Hi Kinfood Community,
I moved to the US from France in 2019 with my partner and two kids. Paris is where I fell madly, deeply, passionately in love with … food.
This letter is all about how Kinfood began. David Leibowitz said the moment he first felt “Parisian” was when he got dressed up, just to take out the garbage. For me, it was when I stopped wanting to ask the question, “What do you do [for work]?”.
Perhaps the ultimate ice breaker in the US, this question will cause your (no longer) potentially cool French friend to look at you like you’re a psychopath and turn to talk with someone else. Pre-Paris days, I would happily chat about “work” with anyone and everyone, so the idea that Parisians “work to live” and not the other way around, took some getting used to.
But when I got used to it, there was no going back!
Even though American culture is very much rooted in consumption and work (hence our need to immediately know what someone does for a living), I deeply believe that many of us want it to be so much more.
For Americans who are not native to North America, it's a fast separation from our ancestors’ country of origin. Cultural traditions fade away like sandcastles near a tide, leaving only a vague shape of what used to be. So, we’re sort of left to figure it out ourselves. What does culture mean in this melting pot of our nation? What connects us? Is there a common bond beyond the things we buy? These were questions I was longing to answer.
In France, food comes with rules. Kids are taught to value food and traditions from birth.
However, there are two sides to every coin. The rules (many are actual laws) that govern what it means to be “distinctly French” are rigid and some woefully outdated. As much as we try to draw neat little boxes around food and claim them as our own, the truth is that food has always been influenced by others and traditions should evolve in step with demographics and psychographics.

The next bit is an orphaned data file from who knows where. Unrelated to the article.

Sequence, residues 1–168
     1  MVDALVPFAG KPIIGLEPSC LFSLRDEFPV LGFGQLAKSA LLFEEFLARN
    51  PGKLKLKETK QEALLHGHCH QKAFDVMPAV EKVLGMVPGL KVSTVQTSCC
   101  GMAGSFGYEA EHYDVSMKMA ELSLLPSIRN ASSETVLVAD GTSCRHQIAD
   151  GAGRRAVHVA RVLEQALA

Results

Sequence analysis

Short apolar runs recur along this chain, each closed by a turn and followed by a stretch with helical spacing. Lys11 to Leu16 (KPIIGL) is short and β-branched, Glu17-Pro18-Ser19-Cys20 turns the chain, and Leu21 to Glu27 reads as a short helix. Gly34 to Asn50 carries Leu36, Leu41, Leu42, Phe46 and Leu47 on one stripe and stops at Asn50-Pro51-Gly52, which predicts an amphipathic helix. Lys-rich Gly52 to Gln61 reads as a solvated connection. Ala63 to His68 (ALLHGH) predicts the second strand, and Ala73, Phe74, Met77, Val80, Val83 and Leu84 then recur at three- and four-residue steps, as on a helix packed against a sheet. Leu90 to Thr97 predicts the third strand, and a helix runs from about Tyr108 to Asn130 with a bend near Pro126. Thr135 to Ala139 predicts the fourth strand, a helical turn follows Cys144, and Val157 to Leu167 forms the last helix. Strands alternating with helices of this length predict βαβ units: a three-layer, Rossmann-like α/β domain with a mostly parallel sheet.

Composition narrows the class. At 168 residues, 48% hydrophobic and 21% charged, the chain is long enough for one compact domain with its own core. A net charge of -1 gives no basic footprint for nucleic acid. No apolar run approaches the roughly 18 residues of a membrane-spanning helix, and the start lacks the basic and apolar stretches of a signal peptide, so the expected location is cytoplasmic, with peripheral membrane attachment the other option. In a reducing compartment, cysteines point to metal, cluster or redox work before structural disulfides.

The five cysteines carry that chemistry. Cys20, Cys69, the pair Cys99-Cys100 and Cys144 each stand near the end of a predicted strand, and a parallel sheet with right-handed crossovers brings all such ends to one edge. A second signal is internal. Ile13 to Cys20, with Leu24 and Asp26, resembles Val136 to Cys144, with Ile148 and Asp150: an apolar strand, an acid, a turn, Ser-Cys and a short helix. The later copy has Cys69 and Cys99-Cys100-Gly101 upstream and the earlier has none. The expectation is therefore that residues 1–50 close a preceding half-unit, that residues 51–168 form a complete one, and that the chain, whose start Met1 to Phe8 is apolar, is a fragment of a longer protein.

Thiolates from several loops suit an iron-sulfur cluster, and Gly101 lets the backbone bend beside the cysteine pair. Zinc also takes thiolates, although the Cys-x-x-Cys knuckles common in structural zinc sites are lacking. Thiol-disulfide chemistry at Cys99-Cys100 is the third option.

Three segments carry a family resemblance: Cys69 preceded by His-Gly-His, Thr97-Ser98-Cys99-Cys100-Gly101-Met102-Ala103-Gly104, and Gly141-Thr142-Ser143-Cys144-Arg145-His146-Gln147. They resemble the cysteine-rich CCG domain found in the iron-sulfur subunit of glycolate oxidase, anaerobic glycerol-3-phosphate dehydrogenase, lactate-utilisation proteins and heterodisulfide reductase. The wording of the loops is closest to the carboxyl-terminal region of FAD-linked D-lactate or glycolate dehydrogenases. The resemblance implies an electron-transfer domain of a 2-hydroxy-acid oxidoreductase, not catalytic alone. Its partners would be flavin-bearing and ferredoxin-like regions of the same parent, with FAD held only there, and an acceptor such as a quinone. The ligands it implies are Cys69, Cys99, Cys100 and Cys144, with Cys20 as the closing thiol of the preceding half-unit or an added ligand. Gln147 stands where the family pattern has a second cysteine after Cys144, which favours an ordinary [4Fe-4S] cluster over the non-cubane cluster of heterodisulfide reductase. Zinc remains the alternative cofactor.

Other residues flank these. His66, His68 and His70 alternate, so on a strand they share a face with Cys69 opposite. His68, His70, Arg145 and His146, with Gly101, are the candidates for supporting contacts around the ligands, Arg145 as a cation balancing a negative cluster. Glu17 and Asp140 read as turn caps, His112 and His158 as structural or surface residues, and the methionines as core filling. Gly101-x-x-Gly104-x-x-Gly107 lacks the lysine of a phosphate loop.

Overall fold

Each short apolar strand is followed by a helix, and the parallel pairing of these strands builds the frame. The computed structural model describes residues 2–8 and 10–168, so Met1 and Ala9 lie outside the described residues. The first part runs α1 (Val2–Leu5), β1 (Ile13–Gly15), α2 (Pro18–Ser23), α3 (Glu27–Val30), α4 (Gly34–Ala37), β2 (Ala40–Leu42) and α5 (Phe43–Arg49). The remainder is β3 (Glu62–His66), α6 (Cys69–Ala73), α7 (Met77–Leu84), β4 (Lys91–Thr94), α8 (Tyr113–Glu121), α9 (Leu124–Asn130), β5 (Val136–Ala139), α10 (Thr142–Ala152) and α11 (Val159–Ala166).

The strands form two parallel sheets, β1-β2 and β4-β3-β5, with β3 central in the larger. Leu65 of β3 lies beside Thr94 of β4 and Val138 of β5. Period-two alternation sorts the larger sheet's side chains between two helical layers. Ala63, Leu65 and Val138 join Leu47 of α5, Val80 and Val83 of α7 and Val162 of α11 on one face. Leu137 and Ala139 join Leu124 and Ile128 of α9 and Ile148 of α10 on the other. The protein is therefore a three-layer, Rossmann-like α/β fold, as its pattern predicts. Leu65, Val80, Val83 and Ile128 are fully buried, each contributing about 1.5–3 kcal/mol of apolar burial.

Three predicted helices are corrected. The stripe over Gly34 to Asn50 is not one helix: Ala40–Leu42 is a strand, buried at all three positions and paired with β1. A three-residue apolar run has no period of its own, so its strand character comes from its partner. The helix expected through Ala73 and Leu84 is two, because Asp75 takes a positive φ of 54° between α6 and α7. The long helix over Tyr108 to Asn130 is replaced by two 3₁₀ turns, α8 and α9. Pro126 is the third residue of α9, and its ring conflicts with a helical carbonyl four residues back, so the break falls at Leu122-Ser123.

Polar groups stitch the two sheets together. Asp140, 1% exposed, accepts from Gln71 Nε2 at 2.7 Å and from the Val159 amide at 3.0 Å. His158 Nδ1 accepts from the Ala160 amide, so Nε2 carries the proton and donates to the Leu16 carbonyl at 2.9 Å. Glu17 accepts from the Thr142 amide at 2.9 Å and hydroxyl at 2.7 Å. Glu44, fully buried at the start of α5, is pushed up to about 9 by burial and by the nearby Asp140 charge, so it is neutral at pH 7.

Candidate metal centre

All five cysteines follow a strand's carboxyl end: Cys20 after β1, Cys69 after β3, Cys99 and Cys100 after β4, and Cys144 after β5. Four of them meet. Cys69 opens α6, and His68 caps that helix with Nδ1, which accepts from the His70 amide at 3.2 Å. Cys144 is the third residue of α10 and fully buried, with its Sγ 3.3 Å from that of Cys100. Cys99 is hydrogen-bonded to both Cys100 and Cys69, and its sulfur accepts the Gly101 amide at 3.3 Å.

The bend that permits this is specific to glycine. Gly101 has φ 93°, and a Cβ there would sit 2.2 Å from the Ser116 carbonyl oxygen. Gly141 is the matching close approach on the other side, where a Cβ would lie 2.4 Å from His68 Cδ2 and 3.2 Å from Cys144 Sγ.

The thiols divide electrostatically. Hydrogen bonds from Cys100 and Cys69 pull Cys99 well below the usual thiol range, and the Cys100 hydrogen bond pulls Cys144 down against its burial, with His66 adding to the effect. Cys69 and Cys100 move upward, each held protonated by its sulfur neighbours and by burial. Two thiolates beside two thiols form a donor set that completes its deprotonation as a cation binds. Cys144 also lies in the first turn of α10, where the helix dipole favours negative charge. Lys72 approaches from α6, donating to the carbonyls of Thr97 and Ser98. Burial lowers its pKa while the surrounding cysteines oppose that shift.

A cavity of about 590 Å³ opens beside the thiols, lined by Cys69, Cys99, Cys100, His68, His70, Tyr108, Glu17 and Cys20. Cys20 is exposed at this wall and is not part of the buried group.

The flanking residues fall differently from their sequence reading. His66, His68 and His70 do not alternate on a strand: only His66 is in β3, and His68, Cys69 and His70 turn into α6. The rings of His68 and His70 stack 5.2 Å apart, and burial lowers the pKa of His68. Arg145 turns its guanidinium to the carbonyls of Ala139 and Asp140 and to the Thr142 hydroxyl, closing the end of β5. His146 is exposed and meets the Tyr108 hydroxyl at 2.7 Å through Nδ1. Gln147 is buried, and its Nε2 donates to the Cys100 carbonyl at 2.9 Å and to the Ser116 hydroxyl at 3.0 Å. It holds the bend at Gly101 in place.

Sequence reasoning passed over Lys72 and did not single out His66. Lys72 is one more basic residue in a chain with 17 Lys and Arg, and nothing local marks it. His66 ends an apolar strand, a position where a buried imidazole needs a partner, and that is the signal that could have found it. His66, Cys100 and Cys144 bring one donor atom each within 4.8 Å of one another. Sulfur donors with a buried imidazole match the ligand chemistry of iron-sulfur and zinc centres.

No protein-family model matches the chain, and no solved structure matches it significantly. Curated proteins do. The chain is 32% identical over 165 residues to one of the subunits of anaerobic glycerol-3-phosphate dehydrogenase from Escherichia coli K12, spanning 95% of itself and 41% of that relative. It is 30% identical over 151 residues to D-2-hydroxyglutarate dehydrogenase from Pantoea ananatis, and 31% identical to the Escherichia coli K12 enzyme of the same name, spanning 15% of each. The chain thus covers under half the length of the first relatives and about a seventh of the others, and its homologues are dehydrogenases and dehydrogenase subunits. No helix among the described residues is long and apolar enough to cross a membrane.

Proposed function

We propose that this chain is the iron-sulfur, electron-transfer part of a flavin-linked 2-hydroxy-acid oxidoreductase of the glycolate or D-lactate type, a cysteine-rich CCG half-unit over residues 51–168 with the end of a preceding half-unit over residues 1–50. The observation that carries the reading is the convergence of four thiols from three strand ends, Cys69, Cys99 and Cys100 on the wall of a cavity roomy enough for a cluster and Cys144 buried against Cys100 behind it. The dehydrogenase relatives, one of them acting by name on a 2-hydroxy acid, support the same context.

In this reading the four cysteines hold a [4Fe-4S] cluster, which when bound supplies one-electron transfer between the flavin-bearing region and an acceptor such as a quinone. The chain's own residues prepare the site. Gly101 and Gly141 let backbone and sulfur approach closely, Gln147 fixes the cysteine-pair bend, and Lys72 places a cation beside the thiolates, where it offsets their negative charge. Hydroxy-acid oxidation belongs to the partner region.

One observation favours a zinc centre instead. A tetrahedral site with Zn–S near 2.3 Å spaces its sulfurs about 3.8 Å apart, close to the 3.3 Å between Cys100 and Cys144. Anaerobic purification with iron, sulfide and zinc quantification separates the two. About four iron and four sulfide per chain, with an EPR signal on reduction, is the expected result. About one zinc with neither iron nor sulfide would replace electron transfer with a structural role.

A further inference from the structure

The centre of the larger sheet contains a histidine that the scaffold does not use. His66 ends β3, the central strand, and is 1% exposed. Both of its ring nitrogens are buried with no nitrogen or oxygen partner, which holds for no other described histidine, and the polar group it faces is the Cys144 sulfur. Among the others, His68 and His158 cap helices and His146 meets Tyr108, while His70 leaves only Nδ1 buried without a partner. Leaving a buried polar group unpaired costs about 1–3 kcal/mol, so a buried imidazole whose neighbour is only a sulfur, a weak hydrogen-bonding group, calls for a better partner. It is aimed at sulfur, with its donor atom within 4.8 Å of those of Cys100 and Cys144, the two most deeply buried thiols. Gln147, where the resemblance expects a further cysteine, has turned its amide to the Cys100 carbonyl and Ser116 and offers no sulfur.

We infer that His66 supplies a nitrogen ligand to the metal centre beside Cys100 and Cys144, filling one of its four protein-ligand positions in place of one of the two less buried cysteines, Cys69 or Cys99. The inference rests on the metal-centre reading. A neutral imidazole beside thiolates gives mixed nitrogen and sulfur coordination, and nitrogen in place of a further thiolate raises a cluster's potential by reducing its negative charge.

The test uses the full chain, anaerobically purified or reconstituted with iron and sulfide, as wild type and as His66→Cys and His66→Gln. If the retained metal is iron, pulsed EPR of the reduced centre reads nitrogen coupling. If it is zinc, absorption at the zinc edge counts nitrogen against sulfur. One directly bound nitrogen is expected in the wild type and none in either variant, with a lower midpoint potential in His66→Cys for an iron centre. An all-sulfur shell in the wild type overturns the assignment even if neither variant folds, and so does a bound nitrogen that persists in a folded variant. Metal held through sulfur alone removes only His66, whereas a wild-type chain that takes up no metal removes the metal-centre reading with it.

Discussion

As idealistic as this might sound, I believe that building an inclusive food culture opens the door to feeling a collective connection to a place and its people, to the past, the present, and an openness towards the future. Perhaps then, greater empathy and love. This is Kinship and the namesake for Kinfood.
These ideas were swirling in my head when we moved to Seattle. Like Paris, Seattle was abundant in quality food and creative people and I was thinking through what I wanted to do in this new chapter. So just for fun, I started to create local food baskets for friends and neighbors filled with seasonal goods from the farmer's markets plus favorite recipes to go along with them.
Then, March of 2020 arrived. I was consulting and working 75% of the time in San Francisco. One March evening on a flight home, I got an email stating my project would be ending and that I was to be furloughed. What started as a fun side thing suddenly had an opening to be a full-time venture and I hit the ground running. Each week since then, it’s been our mission to create a weekly delivery of kinship with every bag featuring the people, seasonal veggies, producers, stories, and recipes from our little corner of the world.
Now Kinfood is on both coasts! I'm so excited to bring Kinfood to the DMV region and work with the rich and diverse history of food traditions and makers here. I hope I'll have a chance to bring you some Kinfood!